Help children understand that artists’ works can change over time. As Van Gogh began to practice his art, he was influenced by a group of artists who were approaching art in a different way. These artists used small brushstrokes or painted tiny dots to create a picture. Other more traditional artists usually used dark colors to make their work more realistic, but these newer artists were using brighter and lighter colors to convey an idea or feeling. Van Gogh began using these techniques in his own work. Remind children that a technique is a way to do or create something. Van Gogh began experimenting with different brushstrokes and colors. As a result, his artwork changed and differed significantly from The Potato Eaters. We recommend exploring a few of Van Gogh’s works in chronological order to see how his artwork changed over time.

Van Gogh painted a variety of subjects. He painted still lifes, which are paintings of an object or a group of objects. He explored how light hit various objects and focused on how the appearance of objects can change in different lighting. You may wish to hold an object such as an apple in the shade, and then up to the sunlight to illustrate this point. Van Gogh also painted landscapes, or scenes in nature or the outdoors. He often painted places that inspired him, such as haystacks or rural areas, or places he visited, such as restaurants and cafes. He also painted self-portraits, which are paintings an artist creates of himself or herself.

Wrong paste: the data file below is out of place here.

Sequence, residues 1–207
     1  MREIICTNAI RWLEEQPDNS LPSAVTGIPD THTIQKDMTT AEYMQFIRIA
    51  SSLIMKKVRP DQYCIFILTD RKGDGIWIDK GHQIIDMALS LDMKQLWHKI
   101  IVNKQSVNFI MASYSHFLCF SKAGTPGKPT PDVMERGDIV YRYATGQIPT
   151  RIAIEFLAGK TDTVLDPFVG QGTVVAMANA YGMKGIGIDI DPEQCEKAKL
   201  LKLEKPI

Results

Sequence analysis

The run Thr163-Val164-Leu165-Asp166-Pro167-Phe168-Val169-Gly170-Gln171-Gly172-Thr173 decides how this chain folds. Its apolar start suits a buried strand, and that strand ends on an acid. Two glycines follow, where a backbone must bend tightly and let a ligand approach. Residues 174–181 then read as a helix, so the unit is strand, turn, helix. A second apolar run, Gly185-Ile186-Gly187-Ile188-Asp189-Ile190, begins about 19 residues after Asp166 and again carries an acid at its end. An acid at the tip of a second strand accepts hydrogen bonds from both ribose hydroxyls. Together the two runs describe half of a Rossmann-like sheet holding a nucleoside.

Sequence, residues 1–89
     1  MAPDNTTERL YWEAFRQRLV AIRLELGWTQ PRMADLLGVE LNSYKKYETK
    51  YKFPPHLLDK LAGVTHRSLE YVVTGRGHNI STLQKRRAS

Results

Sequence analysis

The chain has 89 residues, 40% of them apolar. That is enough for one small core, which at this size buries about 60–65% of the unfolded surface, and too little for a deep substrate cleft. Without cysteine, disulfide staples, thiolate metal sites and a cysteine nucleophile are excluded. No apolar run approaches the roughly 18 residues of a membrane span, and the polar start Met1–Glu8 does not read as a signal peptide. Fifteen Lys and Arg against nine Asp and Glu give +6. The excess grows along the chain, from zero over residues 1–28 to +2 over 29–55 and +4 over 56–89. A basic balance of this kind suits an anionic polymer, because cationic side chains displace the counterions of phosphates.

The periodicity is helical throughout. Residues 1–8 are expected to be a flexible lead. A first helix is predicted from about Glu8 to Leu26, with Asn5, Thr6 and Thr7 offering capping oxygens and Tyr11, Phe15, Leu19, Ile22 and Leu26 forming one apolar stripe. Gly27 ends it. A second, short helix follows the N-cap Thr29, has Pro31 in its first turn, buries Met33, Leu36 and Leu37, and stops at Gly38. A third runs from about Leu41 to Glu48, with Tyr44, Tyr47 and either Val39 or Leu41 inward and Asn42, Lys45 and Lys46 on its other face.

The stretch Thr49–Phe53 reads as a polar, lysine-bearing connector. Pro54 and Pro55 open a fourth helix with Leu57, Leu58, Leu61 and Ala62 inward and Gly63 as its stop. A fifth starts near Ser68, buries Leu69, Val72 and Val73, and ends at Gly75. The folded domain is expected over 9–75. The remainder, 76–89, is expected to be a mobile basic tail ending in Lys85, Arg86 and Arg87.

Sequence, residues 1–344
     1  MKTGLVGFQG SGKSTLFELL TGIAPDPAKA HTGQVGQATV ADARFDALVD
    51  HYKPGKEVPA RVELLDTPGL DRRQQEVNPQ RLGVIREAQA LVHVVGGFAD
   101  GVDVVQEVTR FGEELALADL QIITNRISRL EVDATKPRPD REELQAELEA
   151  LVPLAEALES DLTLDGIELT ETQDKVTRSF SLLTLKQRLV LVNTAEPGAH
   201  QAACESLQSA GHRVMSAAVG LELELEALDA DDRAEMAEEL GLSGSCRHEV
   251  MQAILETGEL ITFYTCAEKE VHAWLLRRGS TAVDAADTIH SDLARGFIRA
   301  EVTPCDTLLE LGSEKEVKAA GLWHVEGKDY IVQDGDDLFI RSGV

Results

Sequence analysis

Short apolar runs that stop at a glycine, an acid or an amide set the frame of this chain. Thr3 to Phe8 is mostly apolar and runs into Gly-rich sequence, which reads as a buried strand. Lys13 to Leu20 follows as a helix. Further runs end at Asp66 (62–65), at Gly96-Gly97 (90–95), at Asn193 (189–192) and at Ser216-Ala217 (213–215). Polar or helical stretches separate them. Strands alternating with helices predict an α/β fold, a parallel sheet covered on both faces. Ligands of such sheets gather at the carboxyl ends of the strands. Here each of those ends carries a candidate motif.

Throughout his artistic career, Van Gogh led a tumultuous personal life. He was prone to bouts of anger and depression. Many of his self-portraits reflect his life-long struggle with these difficult emotions. After an argument with the artist Paul Gauguin, Van Gogh became so upset that he cut his own ear lobe. Help children realize that Van Gogh did not cut his whole ear off, which is a common misconception that should be addressed. He cut part of his lower lobe, but survived and painted two portraits of himself with the bandaged ear. Later, he checked into a psychiatric hospital to get help for his depression. It was there in the hospital that he painted some of his most famous works, including The Starry Night andIrises.

Show The Starry Night to children and analyze the work together. The painting depicts a night setting, but the sky is a mixture of blues. How does this color choice affect the feel of the artwork? The brushstrokes are thick and swirled, lending the sky a sense of movement. He puts dark and light colors side by side to make the colors jump out. The night landscape feels alive. Analyze other paintings together, encouraging children to pay attention to the brushstrokes and use of color. What patterns of shapes or colors do they see?

Help children incorporate different techniques into their own artwork. Explain that artists learn their craft by looking at other artists’ work. They observe, experiment, and explore!